The hushed murmur of ambling museumgoers at the Guggenheim on Manhattan’s Upper East Side was rudely interrupted on Friday with chants and a round red banner bursting across the lobby: “Meet Workers’ Demands Now!”
As guards scrambled to snatch the sign up, the flash mob sat down and pinned it to the floor, declaring, “We are here, in solidarity with all workers. Happy May Day!”
The “indefinite occupation” of the art museum—which dissipated after some tug-of-war with security personnel and then moved into a protest with other groups outside—was the latest salvo in a series of escalating protests led by the Global Ultra Luxury Faction (GULF). Representing the writers, artists, and scholars of the Gulf Labor Coalition, they’re pressing the demands of migrant workers contracted to work at a forthcoming Guggenheim site in Abu Dhabi.
The protesters are challenging the corporate link between the Guggenheim effect (complete with Gehry architecture) and United Arab Emirates’ global branding campaign via a tourist idyll known as Saadiyat Island. This oasis of soft power, which also features controversial branches of the Louvre and New York University alongside other luxury attractions, is fueled by masses of impoverished migrant labor trafficked into the region from South Asia.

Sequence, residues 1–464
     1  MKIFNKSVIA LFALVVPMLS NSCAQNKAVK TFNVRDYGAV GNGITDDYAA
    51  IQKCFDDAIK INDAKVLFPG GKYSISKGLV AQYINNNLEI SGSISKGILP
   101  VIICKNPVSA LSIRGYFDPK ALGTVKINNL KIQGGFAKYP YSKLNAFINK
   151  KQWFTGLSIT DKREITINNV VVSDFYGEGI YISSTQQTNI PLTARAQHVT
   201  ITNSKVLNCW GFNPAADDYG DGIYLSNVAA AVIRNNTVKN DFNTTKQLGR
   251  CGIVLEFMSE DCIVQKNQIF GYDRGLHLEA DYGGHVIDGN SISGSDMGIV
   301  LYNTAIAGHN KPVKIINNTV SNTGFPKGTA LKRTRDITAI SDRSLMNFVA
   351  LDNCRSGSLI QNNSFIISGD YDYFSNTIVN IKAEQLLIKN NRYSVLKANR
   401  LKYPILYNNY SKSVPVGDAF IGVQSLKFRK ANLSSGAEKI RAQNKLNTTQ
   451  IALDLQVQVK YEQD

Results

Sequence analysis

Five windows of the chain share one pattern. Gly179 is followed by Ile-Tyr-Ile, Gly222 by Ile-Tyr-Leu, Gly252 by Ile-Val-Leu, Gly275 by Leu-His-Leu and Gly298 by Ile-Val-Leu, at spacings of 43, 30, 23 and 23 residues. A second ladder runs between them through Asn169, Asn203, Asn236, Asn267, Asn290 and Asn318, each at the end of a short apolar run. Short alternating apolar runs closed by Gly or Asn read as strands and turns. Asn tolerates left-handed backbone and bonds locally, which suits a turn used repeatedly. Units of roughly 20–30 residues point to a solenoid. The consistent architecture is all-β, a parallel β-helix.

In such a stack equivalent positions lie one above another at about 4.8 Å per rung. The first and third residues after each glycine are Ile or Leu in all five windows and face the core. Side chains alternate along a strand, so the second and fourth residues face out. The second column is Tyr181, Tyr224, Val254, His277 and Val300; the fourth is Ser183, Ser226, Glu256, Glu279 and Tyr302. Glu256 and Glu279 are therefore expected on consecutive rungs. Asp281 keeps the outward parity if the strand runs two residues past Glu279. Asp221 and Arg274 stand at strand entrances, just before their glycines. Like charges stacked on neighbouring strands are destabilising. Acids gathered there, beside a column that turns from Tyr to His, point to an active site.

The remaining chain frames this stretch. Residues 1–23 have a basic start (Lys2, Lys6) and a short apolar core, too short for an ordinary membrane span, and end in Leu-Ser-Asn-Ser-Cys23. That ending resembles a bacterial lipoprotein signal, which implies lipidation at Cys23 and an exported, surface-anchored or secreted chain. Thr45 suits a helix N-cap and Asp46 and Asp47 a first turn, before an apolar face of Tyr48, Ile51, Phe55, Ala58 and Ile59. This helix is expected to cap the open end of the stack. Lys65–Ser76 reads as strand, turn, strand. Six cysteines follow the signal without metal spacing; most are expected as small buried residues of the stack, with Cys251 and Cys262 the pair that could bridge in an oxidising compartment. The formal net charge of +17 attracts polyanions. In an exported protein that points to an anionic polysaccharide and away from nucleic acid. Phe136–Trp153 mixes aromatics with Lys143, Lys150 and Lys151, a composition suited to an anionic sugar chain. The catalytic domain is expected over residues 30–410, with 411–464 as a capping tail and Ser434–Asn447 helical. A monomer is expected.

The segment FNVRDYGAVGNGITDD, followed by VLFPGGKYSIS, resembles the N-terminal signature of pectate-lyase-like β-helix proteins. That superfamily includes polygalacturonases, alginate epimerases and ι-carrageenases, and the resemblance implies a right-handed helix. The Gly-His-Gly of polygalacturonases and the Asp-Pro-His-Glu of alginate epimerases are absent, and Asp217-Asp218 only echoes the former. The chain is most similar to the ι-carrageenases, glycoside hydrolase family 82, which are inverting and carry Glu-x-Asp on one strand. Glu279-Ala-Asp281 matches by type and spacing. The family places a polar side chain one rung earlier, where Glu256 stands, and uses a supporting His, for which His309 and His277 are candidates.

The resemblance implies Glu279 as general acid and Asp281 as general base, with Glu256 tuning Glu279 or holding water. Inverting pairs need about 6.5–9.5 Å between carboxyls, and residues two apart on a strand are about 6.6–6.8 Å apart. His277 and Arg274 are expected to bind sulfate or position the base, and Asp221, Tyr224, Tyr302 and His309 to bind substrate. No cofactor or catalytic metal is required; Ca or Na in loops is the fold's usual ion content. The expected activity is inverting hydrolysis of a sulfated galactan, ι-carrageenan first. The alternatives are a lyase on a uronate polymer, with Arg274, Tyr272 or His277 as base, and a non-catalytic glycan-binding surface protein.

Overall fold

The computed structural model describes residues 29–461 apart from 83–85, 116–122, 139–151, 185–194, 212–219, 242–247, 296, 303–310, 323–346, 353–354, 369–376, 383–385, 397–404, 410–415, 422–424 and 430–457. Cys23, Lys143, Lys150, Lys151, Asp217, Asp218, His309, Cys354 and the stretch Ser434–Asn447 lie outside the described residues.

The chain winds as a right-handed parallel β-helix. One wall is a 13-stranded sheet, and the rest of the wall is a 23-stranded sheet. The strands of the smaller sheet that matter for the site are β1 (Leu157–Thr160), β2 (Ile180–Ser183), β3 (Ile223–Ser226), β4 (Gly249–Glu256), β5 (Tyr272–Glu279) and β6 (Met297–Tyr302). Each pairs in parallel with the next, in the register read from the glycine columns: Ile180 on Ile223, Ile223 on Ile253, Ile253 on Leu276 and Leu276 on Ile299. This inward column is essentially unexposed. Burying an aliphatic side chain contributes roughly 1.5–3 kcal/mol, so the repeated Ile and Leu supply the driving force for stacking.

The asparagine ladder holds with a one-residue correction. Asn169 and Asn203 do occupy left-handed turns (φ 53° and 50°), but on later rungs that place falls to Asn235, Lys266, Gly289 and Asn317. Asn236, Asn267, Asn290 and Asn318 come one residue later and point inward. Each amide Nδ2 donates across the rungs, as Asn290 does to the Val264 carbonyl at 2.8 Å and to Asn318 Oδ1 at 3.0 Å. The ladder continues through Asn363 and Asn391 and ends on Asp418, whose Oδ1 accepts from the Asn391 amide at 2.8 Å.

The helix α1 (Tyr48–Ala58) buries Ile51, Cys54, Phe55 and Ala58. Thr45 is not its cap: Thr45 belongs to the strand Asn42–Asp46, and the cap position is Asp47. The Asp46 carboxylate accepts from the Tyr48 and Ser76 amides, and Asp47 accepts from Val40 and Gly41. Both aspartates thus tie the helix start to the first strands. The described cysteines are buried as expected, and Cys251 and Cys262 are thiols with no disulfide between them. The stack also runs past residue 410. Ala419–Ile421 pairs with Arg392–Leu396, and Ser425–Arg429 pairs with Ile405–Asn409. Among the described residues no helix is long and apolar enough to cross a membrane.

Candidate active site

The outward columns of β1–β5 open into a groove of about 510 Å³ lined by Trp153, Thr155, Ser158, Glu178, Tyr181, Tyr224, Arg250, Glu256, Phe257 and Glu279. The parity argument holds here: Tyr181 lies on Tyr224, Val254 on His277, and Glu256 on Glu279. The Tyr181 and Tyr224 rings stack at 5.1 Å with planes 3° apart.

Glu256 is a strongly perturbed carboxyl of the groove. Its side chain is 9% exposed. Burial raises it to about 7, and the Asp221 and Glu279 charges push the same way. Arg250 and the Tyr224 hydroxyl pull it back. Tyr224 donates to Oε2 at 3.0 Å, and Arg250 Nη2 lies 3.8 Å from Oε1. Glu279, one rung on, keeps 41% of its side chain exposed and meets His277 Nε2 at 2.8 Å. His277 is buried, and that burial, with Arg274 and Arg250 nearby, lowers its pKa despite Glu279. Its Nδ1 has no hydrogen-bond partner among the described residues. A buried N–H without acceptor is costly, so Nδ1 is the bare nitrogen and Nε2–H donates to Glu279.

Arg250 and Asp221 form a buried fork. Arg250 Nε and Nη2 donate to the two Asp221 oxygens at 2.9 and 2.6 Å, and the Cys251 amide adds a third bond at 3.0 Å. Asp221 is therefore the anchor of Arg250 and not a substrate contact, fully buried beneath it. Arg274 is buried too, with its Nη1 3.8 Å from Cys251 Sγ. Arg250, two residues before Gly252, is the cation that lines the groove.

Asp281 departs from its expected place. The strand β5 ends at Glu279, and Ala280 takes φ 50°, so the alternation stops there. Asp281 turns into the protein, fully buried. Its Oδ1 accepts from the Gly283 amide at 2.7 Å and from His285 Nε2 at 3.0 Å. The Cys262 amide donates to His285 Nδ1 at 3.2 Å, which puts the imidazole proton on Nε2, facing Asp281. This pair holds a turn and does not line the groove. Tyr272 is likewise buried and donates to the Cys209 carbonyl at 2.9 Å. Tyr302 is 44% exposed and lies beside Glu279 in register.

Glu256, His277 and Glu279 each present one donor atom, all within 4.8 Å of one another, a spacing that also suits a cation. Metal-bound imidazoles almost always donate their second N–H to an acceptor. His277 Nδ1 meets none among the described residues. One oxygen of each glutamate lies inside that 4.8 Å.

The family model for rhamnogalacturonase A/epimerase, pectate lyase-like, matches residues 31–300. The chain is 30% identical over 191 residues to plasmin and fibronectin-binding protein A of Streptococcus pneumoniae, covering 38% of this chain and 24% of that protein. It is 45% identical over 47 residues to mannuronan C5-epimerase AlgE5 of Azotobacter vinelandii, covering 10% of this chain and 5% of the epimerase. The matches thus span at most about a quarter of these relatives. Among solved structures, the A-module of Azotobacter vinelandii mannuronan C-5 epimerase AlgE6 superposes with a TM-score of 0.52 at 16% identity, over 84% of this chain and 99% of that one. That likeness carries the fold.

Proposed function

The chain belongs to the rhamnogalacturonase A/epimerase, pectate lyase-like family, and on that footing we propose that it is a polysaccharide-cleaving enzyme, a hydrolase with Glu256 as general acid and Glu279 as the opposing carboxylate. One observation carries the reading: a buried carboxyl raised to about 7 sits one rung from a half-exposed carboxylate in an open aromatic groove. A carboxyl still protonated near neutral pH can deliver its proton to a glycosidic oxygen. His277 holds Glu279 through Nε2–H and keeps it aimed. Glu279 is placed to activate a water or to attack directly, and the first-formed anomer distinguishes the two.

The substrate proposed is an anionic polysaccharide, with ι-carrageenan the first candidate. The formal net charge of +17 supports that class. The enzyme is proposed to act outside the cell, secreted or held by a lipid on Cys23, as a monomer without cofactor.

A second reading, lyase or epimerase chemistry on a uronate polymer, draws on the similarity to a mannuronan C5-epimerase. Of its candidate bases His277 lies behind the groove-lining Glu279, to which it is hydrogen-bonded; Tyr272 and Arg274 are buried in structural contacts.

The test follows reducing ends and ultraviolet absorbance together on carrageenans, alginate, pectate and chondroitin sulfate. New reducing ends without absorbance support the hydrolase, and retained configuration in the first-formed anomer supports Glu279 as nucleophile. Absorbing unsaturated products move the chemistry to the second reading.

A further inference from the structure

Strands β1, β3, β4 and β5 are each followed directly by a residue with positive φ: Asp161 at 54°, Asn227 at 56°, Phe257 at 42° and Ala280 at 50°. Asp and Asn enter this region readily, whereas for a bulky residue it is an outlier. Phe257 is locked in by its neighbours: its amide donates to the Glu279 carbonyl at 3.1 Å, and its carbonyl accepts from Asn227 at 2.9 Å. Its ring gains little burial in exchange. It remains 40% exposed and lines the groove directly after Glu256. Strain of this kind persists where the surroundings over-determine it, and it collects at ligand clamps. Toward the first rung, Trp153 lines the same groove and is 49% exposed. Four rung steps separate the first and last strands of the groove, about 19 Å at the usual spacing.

Though the Guggenheim has promised to provide some labor protections, Gulf Labor is pushing core labor demands on behalf of workers who have been or will be contracted for the development in partnership with Abu Dhabi’s Tourism Development & Investment Company: “uniform and enforceable human rights protections,” a living wage, compensation for workers indebted by predatory recruitment fees and relocation costs, and, ultimately, a transparent accountability process for employers and labor representation for workers.